BRADENTON, Fla. (AP) — PGA champion Collin Morikawa went from feeling he could do no wrong to wondering if he could do anything right, and that was just over the final hour Saturday in the Workday Championship.
What mattered at the end of the third round was he had a two-shot lead as he goes for his first World Golf Championship title, even knowing it could have been a lot bigger.
Morikawa walked off the 12th hole with his seventh birdie in eight holes, stretching his lead to five shots with two par 5s still to play. He made bogey on both, shot a 5-under 67 and suddenly had four-time major champion Brooks Koepka and Billy Horschel on his tail.
“I didn’t play great the last six, but a lot to learn from heading into tomorrow,” Morikawa said. “Just to kind of clear my head to get ready for the 18-hole grind tomorrow.”
Koepka, who says his neck has been stiff for the last month, got his mistakes out of the way early by opening with a pair of bogeys and rallied late for a 70. Horschel also had a late rally with an eagle on the par-5 17th hole and shot 69.
Another shot back was Webb Simpson (69).
Rory McIlroy, who made a double bogey for the second straight day, was hopeful of getting to 10 under to at least give himself a chance. He did one better with a 66, including an eagle on the par-5 13th that gave so many players fits, and wound up just four shots behind.
“It seems like it’s one of these courses where it can give up a lot of birdies and some eagles and stuff, but it can bite you very quickly without really doing much wrong,” McIlroy said. “Yeah, it’s one of these places where you just have to stay patient and know that you’re going to have chances.”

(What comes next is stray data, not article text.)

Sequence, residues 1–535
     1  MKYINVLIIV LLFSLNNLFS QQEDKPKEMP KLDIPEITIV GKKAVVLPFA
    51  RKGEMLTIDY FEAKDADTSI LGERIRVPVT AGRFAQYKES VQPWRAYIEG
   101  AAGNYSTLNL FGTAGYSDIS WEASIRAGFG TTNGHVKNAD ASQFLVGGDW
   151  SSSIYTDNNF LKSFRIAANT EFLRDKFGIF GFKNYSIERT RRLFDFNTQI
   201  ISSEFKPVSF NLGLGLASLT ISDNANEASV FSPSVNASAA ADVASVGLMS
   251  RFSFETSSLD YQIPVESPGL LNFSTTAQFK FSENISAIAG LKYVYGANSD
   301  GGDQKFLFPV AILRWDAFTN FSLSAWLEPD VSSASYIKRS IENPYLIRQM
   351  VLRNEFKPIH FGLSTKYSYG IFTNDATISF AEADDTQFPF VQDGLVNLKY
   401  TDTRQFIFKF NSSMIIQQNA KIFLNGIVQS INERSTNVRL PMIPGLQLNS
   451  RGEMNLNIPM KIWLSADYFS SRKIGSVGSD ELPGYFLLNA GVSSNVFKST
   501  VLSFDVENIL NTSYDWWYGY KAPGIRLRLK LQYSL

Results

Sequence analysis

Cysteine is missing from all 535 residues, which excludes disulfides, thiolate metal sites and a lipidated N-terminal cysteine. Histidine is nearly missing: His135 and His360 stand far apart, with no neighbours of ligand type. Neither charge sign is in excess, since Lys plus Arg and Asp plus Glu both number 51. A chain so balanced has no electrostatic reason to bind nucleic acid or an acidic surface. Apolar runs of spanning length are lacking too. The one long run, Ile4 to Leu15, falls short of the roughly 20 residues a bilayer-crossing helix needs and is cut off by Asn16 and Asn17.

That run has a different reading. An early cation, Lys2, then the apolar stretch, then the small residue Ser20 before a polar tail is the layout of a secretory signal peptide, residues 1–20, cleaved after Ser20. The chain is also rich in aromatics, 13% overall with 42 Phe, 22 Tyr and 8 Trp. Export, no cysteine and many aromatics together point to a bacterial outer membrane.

Morikawa was at 15-under 201.
His troubles began on the par-13th, and it looked harmless enough when he put his approach from the rough into the bunker and blasted out to just under 25 feet for look at yet another birdie. Except that he left his putt 6 feet short, and missed the next one to take bogey.
“I never got it going again,” Morikawa said.
He also made bogey on the par-5 17th, the easiest hole at Concession on Saturday, by finding a bunker off the tee, having to lay up short of the water, and then hitting into another bunker.
Morikawa found plenty of positives. He still had a two-shot lead. His putting stroke feels better than ever, and a chipping tip from Concession member Paul Azinger has left him confident on the short-game shots off the Bermuda grass.
Koepka is thankful he still has a chance.
Staked to a one-shot lead at the start of the third round, he opened with two straight bogeys, answered with a two-putt birdie on the third but then followed with eight straight pars and found himself seven shots behind. He had three birdies over the last seven holes.
Webb Simpson had a 69 and was three shots behind, followed by McIlroy and Patrick Reed (69).
“It’s definitely a course that no lead is big enough to kind of be safe because anything can happen,” Reed said.
Also in the mix was Viktor Hovland, who represents what this course can do. He was 7 under for his round on Friday when he bladed a bunker shot at the wrong time and finished with a quadruple-bogey 8 on the ninth hole.
Hovland put that behind him and had a better day. He holed out a wedge from thick rough 45 yards short of the green for eagle on No. 7, and he chipped in for birdie from 80 feet on the par-3 14th.
Hovland had a 66 and joined the group five shots behind at 206 that included Hideki Matsuyama (68).
Morikawa will be going for his fourth PGA Tour victory with a chance to join the list of 23 players who have won majors and World Golf Championships.
His stretch of birdies began with a 15-footer on No. 5, included a 30-foot birdie on the next hole that rammed into the back of the cup, and the rest of them were putts from 10 feet or close.
“I just kept rolling in birdie after birdie. I didn’t really think about it,” he said. “Golf was simple.”
And as he looked back over three days, and the amount of calamity that can happen at the Concession, he realized that no lead is safe on this course.
“You hit one bad shot and it could cost you big time,” Horschel said.